Toys though. They’re the ones that get me most. I love that my two have enough to be able to choose what they want to play with, without stereotyping them into gender- specific or age- specific brackets, but as I sit staring at a piece of Lego that has made its way to the office desk I wonder: maybe we have too much.

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What is the best age to start a second language?

toddlers2My kids, aged 1 and 3, currently go to a bilingual Kindergarten in Vienna. They speak (well, the 1-year old not so much) both German and English at Kindy, and exclusively English at home. And it works! Every day my daughter surprises me with a new word in German, or part of a song that she has picked up from the other kids… yesterday it was something about St. Nikolaus with her Dutch friend and an Austrian child as they sat on a swing in the park. It’s amazing how absorbent she is- a little language sponge soaking up the verbal spills.

We are surrounded here with children in the same situation: bilingual and multilingual toddlers, who are happy and confident speaking to one parent in one language, the other in another, and yet a third at Kindy. Indeed, it has become the norm, with mixed nationality marriages requiring the offspring to grow up with two cultures and languages. So why is there still a debate about when a second language should be introduced. The only answer should be: RIGHT NOW!!

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The easiest foreign language to learn

Modern-languages-007So we’re talking about learning a language? Well, I’m a Brit…. ‘Nuf said. Languages just aren’t our forté. Or… we just know that we don’t need to learn another language really, as the rest of the world does so well learning ours.

It’s a shame, in so many senses of the word. Learning a new language is so enriching, as it’s impossible not to learn a bit of the other country’s culture at the same time, and in a world as accessible as ours is these days we all travel and should get to experience more than “Egg and Chips, please” in Magaluf. AND (I use capitals as I can hear myself saying this loudly as I type) if we didn’t need another excuse, learning a new language is good for our brains (helps stave off dementia or Alzheimer’s), good for our wallet (better jobs are out there for multiple language speakers), and good for our ego (who doesn’t want to be the one to be able to chat to the cute barman/maid on holiday?).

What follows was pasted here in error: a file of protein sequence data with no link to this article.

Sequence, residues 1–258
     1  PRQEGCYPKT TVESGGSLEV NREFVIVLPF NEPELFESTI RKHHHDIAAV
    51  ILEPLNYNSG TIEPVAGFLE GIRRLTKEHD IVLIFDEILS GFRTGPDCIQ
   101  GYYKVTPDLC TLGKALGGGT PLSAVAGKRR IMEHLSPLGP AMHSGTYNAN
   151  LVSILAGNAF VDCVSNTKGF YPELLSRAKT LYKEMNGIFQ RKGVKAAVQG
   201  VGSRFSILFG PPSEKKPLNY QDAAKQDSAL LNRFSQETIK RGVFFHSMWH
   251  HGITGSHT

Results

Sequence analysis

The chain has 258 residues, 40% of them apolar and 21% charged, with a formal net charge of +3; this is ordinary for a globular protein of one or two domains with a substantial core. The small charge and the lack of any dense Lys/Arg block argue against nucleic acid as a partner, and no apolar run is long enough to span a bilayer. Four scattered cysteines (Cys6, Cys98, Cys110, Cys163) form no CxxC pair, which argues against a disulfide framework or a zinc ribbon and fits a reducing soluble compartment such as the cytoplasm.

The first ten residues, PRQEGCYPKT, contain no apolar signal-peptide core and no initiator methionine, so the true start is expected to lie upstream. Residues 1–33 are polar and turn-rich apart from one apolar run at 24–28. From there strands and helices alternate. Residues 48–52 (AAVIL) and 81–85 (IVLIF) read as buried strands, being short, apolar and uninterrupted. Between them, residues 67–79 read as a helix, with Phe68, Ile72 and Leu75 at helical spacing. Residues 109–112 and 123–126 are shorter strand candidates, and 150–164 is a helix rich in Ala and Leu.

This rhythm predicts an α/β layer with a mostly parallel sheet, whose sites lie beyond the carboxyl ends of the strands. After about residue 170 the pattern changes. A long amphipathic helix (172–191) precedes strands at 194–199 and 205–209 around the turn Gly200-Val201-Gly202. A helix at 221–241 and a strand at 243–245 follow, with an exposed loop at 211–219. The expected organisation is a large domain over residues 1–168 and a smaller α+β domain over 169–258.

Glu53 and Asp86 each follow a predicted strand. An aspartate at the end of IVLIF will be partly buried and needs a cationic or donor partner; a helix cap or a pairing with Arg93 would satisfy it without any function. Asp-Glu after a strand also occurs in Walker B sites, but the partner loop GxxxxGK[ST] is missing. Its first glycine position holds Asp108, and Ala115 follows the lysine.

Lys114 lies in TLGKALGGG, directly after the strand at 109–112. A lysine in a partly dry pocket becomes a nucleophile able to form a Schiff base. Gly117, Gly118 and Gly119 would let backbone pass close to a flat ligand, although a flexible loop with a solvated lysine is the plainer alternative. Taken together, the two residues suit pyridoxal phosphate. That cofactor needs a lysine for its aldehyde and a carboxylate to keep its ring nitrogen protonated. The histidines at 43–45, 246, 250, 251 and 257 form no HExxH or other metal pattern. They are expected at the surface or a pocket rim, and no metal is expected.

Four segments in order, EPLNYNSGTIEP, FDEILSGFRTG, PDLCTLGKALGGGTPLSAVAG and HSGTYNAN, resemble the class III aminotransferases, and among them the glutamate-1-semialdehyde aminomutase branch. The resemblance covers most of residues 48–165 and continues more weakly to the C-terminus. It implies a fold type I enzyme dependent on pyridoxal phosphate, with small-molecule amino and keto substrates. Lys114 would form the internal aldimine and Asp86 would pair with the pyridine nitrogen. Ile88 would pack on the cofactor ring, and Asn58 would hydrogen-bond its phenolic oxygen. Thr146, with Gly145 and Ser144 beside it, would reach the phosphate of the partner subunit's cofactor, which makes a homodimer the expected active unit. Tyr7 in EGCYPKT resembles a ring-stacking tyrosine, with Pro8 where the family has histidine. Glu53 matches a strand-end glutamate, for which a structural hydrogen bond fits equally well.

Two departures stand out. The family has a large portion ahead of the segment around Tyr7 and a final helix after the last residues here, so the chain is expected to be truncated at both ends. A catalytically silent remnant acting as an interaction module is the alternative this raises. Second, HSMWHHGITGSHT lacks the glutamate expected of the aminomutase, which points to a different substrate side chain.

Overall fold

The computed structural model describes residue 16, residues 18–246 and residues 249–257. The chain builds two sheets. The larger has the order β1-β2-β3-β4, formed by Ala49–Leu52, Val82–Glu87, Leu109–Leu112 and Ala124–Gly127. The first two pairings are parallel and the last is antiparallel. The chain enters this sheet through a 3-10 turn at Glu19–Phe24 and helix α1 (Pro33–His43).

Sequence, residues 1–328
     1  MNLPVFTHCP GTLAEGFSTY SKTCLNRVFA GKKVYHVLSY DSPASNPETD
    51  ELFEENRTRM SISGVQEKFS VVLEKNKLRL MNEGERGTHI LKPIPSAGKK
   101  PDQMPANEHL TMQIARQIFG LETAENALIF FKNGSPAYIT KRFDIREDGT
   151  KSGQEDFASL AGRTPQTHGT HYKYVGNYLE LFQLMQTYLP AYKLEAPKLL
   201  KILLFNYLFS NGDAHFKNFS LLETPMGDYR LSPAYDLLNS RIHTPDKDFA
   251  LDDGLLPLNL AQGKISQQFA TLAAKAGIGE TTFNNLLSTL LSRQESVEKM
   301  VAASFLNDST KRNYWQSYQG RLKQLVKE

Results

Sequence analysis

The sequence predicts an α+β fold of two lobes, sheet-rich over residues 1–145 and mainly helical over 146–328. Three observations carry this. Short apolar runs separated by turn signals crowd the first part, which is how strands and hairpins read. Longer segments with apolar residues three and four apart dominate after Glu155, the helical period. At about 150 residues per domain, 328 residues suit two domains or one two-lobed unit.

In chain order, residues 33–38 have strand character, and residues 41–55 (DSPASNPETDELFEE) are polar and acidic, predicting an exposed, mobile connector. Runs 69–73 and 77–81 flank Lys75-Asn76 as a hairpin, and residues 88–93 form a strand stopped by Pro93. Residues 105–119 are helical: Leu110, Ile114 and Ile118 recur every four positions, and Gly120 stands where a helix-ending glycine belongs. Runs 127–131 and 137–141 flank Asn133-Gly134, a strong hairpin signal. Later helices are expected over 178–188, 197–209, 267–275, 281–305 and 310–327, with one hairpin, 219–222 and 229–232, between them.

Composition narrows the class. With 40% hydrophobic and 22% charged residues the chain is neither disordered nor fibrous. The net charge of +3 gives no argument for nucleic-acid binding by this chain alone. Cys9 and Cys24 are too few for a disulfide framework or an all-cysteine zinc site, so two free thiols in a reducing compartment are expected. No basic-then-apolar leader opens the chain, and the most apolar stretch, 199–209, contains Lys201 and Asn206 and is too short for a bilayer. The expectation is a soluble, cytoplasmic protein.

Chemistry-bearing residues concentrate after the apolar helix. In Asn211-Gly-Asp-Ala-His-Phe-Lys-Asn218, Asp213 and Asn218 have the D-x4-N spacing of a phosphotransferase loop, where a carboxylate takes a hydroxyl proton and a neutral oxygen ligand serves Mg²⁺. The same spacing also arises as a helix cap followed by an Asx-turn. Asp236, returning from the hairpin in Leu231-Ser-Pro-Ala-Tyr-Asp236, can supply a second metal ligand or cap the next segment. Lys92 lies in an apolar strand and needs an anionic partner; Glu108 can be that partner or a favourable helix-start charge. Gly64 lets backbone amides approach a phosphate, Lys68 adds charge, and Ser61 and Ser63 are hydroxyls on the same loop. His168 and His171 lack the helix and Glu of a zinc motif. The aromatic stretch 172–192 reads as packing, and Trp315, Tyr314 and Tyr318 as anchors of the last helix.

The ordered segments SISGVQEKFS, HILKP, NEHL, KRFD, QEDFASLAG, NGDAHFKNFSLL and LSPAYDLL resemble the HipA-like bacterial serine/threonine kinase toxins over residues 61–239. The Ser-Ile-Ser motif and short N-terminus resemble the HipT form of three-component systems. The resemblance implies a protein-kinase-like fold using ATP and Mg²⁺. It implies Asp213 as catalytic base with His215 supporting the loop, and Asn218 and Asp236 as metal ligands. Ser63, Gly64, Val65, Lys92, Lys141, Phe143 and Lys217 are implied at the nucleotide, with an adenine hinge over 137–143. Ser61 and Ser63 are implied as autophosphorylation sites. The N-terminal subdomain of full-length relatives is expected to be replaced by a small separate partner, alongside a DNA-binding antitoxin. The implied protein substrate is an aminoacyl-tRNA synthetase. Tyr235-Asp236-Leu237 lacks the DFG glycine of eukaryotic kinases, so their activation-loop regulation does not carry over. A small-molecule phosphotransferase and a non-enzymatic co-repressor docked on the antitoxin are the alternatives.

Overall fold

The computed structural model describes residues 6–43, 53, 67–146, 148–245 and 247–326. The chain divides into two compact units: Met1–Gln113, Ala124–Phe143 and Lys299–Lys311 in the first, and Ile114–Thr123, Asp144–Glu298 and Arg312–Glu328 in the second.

But enough of the tirade. Maybe we need a bit of encouragement instead of the usual scold and lecture. For us lucky English language speakers there are short cuts we can use when it comes to learning, which make it easier in the long run to pick up a few words of the foreign language. Firstly, the English language is closely related to many Germanic and Romance dialects, so when it comes to language study we aren’t really starting from scratch, English being a hybrid of the two. And secondly, there are millions (and I mean, literally, millions) of teaching aids for us to learn a language- despite our reluctance to do it, language learning has been researched and written about ad nauseam. So you don’t need to try too hard to be able to learn a few snippets of whichever language takes your fancy. And which one might that be?